You can count on a foam roller for applying oil-based poly because they are highly absorbent. The only problem is it can cause streaks when applied with water-based polys.
If you want no signs of streaks or marks, microfiber rollers are your best option. These are made of multi-layered cloth, making them durable and long-lasting when maintained properly.
Safety Measures to Consider
For your safety, you should apply polyurethane in a well-ventilated area. While you can roll polyurethane on easily, don’t forget to wear protective gear like gloves, masks, and goggles to avoid harmful fumes produced by these chemicals.
If you can, clean the sills immediately. Once they dry, removing them from the surface can be difficult, even if you want to.
Our Top Picks For the Best Polyurethane Roller
2. Stone Coat Countertops Microfiber Paint Roller
Unlike regular rollers, this product from Stone Coat Countertops can execute different functions, from painting to varnishing. It’s also comfortable to grip, making it an ideal option for reaching tight spaces during application.
What We Like
What We Don't Like
How to Dispose of Polyurethane Properly
Never pour polyurethane mixture down the drain because it’s a petroleum product. We recommend taking it to recycling centers or local businesses to avoid hazardous incidents.
How to Clean Your Poly Roller
1. Shake off the excess
Once the last coating is applied, you can eliminate excess poly using a paint roller squeezer.
2. Make the Soap Mixture
Begin to mix the dishwashing soap and warm water. Once done, soak the roller in the mixture.
3. Remove Residue
Wait for a few minutes before washing off the residues from cleaning.
4. Wash off Stuck Polyurethane & Repeat the Process
Soak the poly roller in mineral spirits and untangle it with the metal comb at your disposal. Don’t forget to rinse it again in cold water before storing it away.
Removing Polyurethane on Wood: 3 Ways
A paint stripper can remove polyurethane residues simultaneously from a material.
It’s a solvent mixture with a citrus ingredient that helps better chemical removal.
Sand it Using Fine-Grit Sandpaper
You can also sand the excess polyurethane using 250-grit sandpaper.
Preventing Polyurethane from Drying Out: 3 Methods
Utilize a Bowl of Water
Keeping a bowl of water near your working space will keep the area moist and prevent drying polyurethane.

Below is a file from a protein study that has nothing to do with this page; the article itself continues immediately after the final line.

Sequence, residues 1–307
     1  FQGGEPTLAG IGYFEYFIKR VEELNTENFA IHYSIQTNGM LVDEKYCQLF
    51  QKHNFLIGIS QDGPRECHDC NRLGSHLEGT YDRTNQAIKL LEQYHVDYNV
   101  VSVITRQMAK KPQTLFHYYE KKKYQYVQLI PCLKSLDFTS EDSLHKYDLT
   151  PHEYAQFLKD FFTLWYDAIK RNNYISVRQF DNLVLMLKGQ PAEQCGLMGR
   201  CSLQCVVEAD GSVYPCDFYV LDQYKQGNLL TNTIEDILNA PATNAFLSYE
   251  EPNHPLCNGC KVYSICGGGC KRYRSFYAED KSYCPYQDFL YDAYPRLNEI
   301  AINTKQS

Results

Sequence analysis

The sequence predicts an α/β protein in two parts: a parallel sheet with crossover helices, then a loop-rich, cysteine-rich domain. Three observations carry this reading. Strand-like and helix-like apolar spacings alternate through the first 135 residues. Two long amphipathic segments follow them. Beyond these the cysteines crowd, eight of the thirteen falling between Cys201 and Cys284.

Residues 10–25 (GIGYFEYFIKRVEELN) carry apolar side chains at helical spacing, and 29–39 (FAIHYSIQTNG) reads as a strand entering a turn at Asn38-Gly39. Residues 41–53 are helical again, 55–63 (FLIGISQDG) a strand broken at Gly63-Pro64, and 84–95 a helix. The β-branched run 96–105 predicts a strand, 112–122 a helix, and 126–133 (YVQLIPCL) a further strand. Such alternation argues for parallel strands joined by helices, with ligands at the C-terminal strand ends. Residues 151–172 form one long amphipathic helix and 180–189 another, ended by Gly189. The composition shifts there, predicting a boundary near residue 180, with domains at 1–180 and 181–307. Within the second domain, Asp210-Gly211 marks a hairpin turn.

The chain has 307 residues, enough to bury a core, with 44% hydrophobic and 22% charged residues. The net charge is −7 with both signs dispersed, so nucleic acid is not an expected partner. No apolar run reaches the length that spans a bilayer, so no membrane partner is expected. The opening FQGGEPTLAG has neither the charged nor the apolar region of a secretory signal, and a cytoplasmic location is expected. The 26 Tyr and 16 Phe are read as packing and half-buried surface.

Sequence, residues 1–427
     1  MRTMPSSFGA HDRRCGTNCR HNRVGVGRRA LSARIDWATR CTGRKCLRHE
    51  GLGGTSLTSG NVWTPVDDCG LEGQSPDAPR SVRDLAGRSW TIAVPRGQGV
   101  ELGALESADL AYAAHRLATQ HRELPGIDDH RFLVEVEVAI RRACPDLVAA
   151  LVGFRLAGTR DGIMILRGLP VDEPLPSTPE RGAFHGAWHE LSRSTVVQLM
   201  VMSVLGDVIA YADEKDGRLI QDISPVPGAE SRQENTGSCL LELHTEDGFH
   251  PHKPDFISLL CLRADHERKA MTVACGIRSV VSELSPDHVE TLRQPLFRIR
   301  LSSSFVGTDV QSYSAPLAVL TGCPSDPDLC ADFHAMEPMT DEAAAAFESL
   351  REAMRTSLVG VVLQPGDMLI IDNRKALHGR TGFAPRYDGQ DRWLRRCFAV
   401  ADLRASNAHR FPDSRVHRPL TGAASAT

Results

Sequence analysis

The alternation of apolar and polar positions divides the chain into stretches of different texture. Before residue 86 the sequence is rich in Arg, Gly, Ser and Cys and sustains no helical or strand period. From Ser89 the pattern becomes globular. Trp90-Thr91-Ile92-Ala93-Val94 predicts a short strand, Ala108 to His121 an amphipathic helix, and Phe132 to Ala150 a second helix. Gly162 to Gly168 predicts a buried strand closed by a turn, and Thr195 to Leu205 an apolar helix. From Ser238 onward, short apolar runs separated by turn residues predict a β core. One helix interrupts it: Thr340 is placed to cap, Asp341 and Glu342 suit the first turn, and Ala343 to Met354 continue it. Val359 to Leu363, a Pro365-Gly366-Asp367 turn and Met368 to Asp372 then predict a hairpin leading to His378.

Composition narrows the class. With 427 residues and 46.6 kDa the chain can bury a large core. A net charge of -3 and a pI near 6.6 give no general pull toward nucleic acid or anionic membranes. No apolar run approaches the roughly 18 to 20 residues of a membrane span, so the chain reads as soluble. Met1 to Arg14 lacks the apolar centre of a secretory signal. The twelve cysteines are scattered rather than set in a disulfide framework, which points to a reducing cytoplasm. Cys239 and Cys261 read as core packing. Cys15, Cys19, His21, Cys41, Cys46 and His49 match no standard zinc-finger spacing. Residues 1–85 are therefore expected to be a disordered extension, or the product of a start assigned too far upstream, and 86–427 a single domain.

Use a Humidifier
It also increases moisture around your materials to prevent drying out.
Cover the Surface Using a Wet Towel
You can put a damp towel over the wood surface to maintain moisture levels.
Is it okay to apply an oil-based poly using a roller?
Yes, it’s okay to apply oil-based polyurethane using rollers. However, not all rollers will work well with it. Remember that oil-based poly is meant to highlight the wood’s grain, which brushes can do better than a foam or lambswool roller.
Do you need to sand between polyurethane coats?
Yes, you need to sand between polyurethane coatings to smoothen the surface and make it more adhesive for the next layer.
Is it okay to apply water-based poly using a roller?
Yes, you can use water-based poly with a roller. However, it doesn’t have full coverage on crevices.
Can you use a foam roller to apply polyurethane?
Yes, you can use it for polyurethane applications. However, it won’t yield great results with water-based polys.
What’s the best way to apply poly on wood floors?
Lambswool rollers are the best way to apply poly on a wood floor. It absorbs chemicals well and does not shed.
Which is better for applying poly, brush or roller?
If you’re working on extensive flat materials, the fastest way to apply polyurethane is through rollers. Meanwhile, brushes work well for handling smaller and more intricate materials.
Now that it’s clear that you can roll polyurethane on wood materials, the next step to make is to try it yourself. This woodworking task may seem rigorous and intimidating, but trust our experts when we say it’ll come in handy in the long run. After all, most workpieces require this step.